An environmental group’s two-year quest for details about the U.S. Department of Energy’s $8.3 billion federal loan guarantee for Southern Nuclear’s Plant Vogtle expansion must be partially honored, according to a U.S. District Court judge.
In a 28-page memorandum of opinion, dated Wednesday and signed by Chief Judge Royce C. Lamberth, the Department of Energy was directed to disclose to the Southern Alliance for Clean Energy documents related to the project’s credit subsidy cost estimates.
The group filed a Freedom of Information Act request in 2010 for the credit subsidy documents and a host of other information – and later filed a lawsuit when portions of the material were not provided.
The court questioned whether other material sought by the group was justifiably withheld and gave the Energy Department 60 days to supplement inadequate justification for why it either redacted – or refused to release – some of the information sought by the plaintiffs.
In a press release, the environmental group’s executive director, Stephen Smith, called the ruling positive news, but long overdue.
“We are particularly pleased that the court definitively ordered the Department of Energy to release the credit subsidy fee estimates, which essentially represents what ‘skin’ the utilities have had to place into the ‘game,’ ” Smith said. “Unfortunately, the court is giving the agency another chance to justify why equally important information should continue to be withheld from the public.”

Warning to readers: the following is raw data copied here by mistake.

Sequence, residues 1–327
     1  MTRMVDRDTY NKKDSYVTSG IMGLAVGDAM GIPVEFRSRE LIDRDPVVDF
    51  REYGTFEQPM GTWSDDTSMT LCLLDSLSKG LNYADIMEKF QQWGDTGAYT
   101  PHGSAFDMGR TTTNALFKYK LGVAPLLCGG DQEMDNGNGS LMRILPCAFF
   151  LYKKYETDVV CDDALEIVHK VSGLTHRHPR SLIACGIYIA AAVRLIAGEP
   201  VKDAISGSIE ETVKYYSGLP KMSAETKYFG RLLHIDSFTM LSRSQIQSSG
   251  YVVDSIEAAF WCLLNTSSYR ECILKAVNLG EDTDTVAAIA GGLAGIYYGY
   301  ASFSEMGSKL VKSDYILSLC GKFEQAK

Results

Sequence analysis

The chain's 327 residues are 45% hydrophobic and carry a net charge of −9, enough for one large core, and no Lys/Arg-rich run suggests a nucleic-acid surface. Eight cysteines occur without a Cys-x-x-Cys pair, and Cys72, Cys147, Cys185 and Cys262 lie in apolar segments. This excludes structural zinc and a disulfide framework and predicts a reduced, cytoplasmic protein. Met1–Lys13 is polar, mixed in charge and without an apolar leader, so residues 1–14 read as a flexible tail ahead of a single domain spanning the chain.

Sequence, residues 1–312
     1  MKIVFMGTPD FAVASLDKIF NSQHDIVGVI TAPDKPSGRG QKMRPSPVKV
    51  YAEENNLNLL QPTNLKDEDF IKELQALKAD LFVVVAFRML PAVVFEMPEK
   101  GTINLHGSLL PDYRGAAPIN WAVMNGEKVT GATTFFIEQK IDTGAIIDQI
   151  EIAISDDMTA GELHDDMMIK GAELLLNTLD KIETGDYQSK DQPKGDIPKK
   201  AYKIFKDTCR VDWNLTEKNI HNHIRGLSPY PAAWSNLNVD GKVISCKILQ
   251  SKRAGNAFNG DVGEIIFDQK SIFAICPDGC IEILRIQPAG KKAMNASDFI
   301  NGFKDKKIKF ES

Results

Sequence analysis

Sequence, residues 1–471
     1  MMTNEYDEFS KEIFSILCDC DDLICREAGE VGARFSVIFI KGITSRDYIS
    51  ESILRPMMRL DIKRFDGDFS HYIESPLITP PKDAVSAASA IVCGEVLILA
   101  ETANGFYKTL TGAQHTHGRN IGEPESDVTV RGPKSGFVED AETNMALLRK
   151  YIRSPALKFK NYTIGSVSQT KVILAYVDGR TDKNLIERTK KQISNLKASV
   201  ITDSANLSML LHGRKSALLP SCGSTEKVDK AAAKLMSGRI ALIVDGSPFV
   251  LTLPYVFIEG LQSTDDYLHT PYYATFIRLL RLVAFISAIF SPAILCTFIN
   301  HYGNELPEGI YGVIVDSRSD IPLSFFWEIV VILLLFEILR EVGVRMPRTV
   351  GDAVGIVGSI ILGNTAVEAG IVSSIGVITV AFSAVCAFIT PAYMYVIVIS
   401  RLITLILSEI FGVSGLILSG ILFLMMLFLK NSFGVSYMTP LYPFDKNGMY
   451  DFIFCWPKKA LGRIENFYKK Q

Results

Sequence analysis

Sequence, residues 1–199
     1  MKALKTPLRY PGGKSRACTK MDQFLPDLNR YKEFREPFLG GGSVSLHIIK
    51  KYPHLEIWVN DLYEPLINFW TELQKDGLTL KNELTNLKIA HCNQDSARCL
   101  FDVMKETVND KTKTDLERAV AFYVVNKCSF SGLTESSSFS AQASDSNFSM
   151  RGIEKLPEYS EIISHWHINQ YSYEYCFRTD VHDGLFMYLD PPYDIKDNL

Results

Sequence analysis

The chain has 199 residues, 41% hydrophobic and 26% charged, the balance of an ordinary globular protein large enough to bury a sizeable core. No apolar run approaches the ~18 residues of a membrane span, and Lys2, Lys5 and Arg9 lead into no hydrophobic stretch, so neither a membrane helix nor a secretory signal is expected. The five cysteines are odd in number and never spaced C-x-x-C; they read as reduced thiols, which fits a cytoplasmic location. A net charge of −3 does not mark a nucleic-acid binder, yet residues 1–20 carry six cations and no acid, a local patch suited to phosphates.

The court also denied the group’s request for an “in camera” inspection of the contested documents, and described as “peculiar” the Energy Department’s belief that it provided adequate justification for withholding certain information.
“The unfortunate effect of these evidentiary inadequacies is to drag out this litigation and needlessly tax the court’s – and everyone else’s – resources in a type of litigation that is already notoriously time-consuming,” the order said. “In the context of FOIA litigation, information has a short shelf-life within which it can be useful to the requesting party, and accordingly there may be numerous (and illegitimate) reasons why a defending agency might want to run out the clock.”
He added that courts, which routinely give agencies a “second chance” in cases when the government can’t justify withholding public information, “may be unwittingly complicit in this subversion of FOIA’s fundamental purpose: public access, not secrecy.”
In the original six-page complaint filed in August 2010 in U.S. District Court in Washington, the group contended details of loan guarantee applications, the review process, correspondence pertaining to the use of union labor as a criterion for receiving the loan guarantees and other records were public, under the law.
Although the Department of Energy provided a “partial response” with several “heavily redacted documents” on July 6 and July 8, 2010, the records failed to satisfy the group’s March 25, 2010, Freedom of Information Act request, the complaint said.